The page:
May 6th, 2022, 10:20 PM

Zeros and Ones as the New Fabric

By Madita Schrott
Image Credit: Unsplash/Vadim Bogulov
Can nonexistent clothes have a future in an industry of excess?

As the environmental state of our planet is demanding for a reduction in clothing production, and with an ongoing pandemic that forced our lives to take place more inside and online than out in the actual world, many major fashion brands have dipped their feet into producing online collections. Balenciaga showed their Fall 2021 collection in a dystopian online game created for this purpose, and offers authentic looks to be worn in Fortnite, Marni showed their Spring/ Summer 2022 collection in their own digital world WearWeAre, Gucci released virtual sneakers for under 20 euros to be worn in the game Roblox, where they also allowed digital access to the Florence based immersive experience Garden Archetypes, Nike has collaborated with digital design studio RTFKT and released sneakers to be worn on the metaverse. The never ending list gets longer every day.

Digital Fashion is the visual representation of programmed items of clothes that don’t exist in physical form, thus allowing it to execute visions that exceed reality’s possibilities. Often sold as NFTs, non-fungible tokens, that make them unique and irreplaceable, and accredit ownership, digital items of fashion are being given to individuals while they don’t receive more than anyone else who has seen their piece online.

While old brands are exploring new waters, many new brands specializing in clothes for our digital identity have sprouted into the industry. “[Digital Fashion] can have a real wow effect because it allows to play with reality, it can go beyond what is possible physically,” says Erik Christian Metz, 19 who worked on a project for the fashion house Auroboros in London, that creates digital fashion that takes inspiration from nature and technology. “This summer I worked for my friend Paula Sello on a project as part of the London Design Festival. We created a digital dress for the artist robot Ai-Da.”

The brand was founded by Sello and her partner Alissa Aulbekova while both were scholars at Alexander McQueen’s Sarabande foundation, and usually create extravagant digital clothing and provide the service of editing the piece on a desired photo of the buyer. As their website claims that one in ten clothing purchases is being made just to dress for social media, they’re offering a zero waste option.

“Big brands are calling digital fashion a great sustainable opportunity for the future, but I disagree. It does not replace physical fashion, but it's a nice extra,” thinks Erik who has since started an  apprenticeship as a custom tailor. “It’s a huge contrast because I work completely physically now and learn the craft in a traditional way.” While he missed the satisfaction he would get out of physical creative work, he values the freedom that digital fashion allows for: “Paula is currently working with people spread around her planet, and there are no limits to her work.” 


While there are Auroboros filters of accessories and a dress to try out for free, their actual pieces range from £60 for a headpiece to £1,000 for an eccentric full look. Max Schmidt, 24, studies design and couldn't see a similar future for industrial design: “In old times you used to pay for what you get, the material, production and the name. Nowadays, Louis Vouitton makes purses out of plastic and brands that once took pride in manufacturing their items locally, produce in sweatshops far away - the name is what counts. So I can imagine that people will pay for the name even if they don’t get anything real out of it.”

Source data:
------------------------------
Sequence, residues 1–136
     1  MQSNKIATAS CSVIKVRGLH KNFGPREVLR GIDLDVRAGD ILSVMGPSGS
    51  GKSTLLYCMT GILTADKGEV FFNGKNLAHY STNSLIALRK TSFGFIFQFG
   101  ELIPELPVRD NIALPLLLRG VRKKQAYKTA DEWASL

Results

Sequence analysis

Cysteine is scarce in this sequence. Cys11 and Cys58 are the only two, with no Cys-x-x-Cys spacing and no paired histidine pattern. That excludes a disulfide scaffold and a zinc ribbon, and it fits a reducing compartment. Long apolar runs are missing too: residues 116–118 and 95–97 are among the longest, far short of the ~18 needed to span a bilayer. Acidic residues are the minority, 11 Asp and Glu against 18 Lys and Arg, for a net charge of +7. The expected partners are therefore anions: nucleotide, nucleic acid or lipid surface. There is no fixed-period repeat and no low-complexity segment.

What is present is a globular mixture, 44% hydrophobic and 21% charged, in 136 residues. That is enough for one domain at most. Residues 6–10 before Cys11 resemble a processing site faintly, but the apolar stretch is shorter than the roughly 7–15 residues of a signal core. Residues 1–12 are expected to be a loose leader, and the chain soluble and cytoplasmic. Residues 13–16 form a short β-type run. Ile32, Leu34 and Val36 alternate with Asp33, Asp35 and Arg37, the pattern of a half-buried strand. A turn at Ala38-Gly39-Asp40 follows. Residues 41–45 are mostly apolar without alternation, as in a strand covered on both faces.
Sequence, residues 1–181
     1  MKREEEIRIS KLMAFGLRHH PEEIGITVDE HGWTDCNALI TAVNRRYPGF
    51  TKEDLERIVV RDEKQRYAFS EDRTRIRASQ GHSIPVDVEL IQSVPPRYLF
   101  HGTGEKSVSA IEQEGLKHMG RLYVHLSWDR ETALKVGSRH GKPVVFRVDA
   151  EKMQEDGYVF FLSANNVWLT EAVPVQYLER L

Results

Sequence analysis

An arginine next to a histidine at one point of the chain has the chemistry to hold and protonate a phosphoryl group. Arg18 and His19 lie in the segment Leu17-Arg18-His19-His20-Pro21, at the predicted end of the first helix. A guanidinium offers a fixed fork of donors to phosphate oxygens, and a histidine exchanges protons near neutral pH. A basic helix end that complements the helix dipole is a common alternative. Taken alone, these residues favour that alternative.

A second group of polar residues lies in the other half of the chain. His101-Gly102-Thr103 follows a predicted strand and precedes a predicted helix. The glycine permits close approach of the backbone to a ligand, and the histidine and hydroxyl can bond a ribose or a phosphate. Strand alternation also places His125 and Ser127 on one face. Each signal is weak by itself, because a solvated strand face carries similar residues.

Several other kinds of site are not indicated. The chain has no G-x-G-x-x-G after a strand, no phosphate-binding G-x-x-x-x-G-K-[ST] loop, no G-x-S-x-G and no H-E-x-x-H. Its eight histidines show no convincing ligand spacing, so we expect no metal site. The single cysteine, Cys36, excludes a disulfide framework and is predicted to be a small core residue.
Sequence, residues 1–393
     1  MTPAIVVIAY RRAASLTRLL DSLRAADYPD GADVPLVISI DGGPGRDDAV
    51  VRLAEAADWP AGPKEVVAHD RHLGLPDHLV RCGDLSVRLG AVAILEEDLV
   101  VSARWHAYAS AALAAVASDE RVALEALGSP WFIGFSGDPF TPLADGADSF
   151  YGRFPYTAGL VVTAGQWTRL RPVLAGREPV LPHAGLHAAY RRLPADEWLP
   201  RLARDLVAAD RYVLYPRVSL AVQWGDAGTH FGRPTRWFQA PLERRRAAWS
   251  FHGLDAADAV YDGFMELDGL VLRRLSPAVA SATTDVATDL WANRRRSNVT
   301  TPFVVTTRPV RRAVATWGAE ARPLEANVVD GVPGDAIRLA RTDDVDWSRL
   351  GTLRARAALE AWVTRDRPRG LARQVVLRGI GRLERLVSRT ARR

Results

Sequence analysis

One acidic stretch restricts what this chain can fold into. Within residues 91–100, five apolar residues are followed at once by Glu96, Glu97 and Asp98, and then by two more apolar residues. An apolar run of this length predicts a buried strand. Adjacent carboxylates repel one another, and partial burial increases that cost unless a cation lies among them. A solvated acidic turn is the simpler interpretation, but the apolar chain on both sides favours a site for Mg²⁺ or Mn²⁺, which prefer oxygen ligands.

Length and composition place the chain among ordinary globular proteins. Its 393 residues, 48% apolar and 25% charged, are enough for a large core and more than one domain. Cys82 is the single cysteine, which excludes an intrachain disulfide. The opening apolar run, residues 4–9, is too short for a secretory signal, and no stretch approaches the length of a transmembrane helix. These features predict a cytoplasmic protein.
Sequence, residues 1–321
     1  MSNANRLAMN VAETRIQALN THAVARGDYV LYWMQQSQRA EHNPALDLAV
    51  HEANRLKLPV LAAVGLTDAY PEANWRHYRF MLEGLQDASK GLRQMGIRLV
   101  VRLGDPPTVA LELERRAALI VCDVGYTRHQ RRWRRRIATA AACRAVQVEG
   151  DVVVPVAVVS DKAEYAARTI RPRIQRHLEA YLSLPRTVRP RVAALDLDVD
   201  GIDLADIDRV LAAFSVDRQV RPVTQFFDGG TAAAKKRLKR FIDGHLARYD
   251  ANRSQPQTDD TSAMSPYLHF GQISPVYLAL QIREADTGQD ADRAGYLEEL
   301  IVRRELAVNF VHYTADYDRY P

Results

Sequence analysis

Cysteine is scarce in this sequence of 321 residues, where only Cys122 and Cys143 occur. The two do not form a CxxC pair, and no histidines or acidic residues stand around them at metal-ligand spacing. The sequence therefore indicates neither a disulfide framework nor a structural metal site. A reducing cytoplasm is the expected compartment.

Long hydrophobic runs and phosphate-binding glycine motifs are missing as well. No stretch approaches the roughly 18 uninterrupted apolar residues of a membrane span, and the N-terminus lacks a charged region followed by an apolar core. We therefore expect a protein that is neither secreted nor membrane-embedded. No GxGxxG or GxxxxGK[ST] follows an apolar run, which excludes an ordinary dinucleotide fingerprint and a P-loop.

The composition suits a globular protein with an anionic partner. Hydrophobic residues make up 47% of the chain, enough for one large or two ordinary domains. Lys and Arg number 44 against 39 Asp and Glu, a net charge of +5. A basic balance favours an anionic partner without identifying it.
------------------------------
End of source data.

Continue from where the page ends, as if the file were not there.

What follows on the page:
He uses similar software to design prototypes of furniture pieces as used for digital fashion and knows the benefits of digital creation. “You don’t have to find the right material, you can just decide that it exists. It only depends on the limits you give yourself.” However, no such attention would be given to digital versions of his designs: “At the end it’s the product itself that's of value.” While he does not think it will prevail in the near future, he could see himself jumping on the train of digital fashion if our identities shift further online: “If the metaverse became the usual business, I would love to be dressed as good as in reality.” 

But as long as data can’t warm us as wool can, the question if digital fashion will be able to hold up in a fabric based industry has to be asked. “I don't think there’s a future in it because there is barely any need for it,” thinks Ellison Baus, 19, an artist with seven years of experience in the fashion world. “The unrealisticness of it all is really fun, and the fantasy ideal world that it allows for is beautiful,” Ellison thinks, "But this whole life we created online can just be taken away in an instant. Some would argue that that makes it even more precious, but I don't agree.”

He also thinks that “digital fashion is almost implying that we’ll be in these digital rooms for the rest of our future,  just living on screens, which I don't intend to do.” A designer himself, Ellison thinks fashion should be more than aesthetics and Instagram posts, especially for such high prices. After all one could just screenshot what someone else spent thousands of dollars on. 

“It’s a niche of a niche,” observed Erik during his work in London. Too abstract of a concept for many people, and too expensive for the thought of an item for even more, digital fashion will likely never stand in competition with physical fashion, but has already surpassed it in opportunity.